And this is also why the transformation of Defence will have to take place over a longer-term period too.

This cannot be done overnight - with sunk costs, kit in build, contractual liabilities and other inherited committed spend, room for manoeuvre in the short-term is limited.

So it’s a process charting a course for the recovery of Defence capability and the sustainability of its funding.

The Strategic Defence and Security Review has set the right direction - and I will return to this and Future Force 2020 in a moment - but staying the course will require sustaining the strict cost-control regime I have put in place at the MOD.

This will inevitably require that tough decisions are taken on a regular basis to keep the budget on track.

Following the SDSR we made it clear that there would be a series of complicated second order consequences including the basing and reserves reviews, as well as the emerging work from the Defence Reform Unit.

Having completed the current planning round, we have started the next Planning Round to take forward the work needed to balance defence priorities and the budget over the long-term.

The Department has recently initiated a three month exercise as part of that work to ensure we match our assumptions with our spending settlement.

This allows us to draw all this work together to inform the next planning round and to avoid the mistakes of the previous government in building up to an unsustainable Defence programme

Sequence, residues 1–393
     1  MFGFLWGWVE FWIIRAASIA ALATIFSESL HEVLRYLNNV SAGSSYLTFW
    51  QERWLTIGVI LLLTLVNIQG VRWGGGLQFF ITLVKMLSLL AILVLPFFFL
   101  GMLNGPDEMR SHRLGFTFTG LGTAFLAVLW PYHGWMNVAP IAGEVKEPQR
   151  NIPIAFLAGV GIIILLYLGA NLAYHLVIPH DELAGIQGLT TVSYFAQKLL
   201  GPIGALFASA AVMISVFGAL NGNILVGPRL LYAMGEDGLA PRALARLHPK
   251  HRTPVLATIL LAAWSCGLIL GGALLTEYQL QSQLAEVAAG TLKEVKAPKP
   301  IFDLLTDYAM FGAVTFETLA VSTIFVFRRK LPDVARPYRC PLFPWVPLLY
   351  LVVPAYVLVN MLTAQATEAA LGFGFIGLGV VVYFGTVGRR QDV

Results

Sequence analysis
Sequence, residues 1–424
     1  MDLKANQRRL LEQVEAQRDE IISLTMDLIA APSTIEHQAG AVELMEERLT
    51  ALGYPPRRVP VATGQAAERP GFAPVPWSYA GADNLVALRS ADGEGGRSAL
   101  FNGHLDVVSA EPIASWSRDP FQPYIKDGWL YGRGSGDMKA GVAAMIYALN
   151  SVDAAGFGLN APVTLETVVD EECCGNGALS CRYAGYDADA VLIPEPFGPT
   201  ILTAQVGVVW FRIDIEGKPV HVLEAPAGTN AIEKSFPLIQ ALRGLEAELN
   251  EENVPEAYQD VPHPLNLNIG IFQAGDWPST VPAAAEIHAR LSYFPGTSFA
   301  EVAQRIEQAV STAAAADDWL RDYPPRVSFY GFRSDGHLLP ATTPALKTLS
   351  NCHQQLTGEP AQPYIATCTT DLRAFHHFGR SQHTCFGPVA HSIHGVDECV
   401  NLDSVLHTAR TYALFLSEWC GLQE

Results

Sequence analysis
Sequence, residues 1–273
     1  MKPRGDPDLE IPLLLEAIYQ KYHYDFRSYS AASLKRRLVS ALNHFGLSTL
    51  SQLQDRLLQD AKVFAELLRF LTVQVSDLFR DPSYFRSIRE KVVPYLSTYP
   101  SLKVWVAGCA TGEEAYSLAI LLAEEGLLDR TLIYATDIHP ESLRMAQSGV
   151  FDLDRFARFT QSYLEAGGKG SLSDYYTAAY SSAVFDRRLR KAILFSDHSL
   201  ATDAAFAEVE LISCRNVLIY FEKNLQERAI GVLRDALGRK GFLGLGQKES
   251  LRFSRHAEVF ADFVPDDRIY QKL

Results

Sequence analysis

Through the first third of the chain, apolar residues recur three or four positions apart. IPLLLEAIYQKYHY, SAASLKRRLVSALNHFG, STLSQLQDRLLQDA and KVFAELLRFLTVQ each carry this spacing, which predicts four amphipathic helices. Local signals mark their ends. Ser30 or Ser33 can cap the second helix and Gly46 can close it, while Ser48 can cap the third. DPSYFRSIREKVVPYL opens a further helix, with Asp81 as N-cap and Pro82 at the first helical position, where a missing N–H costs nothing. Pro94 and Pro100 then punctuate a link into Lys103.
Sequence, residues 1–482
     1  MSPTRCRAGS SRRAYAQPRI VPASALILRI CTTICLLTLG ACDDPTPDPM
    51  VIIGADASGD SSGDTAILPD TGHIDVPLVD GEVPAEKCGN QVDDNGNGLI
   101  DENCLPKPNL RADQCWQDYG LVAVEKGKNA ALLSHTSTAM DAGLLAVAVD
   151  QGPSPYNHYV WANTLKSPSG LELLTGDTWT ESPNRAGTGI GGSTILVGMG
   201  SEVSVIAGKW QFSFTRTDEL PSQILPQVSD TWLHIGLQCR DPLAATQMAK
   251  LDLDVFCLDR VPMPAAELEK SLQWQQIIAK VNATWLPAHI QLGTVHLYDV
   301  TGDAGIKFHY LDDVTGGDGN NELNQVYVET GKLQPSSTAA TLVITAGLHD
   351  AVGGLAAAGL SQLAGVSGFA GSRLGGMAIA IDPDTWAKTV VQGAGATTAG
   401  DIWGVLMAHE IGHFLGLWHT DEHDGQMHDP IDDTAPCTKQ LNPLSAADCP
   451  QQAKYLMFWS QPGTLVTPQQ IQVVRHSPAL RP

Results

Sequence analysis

We have made it clear that while the SDSR had made substantial inroads into the £38bn funding deficit, there is still more to be done.

Given the mess we inherited putting Defence on a sure footing, with a predictable budget, was always going to take time, but we believe it is better to be thorough than quick

The Prime Minister has set out his personal view, with which I strongly agree, that achieving our vision for the future structure of our Armed Forces will require year-on-year real growth in the Defence Budget after 2015.

As we approach the next General Election, and as we prepare for the next Defence Review in 2015, a commitment to meet Future Force 2020 will be a key signifier for those political parties dedicated to the vision of a Britain active on the world stage and protected at home.


As the National Security Strategy clearly sets out - our national interest requires our continued full and active engagement in world affairs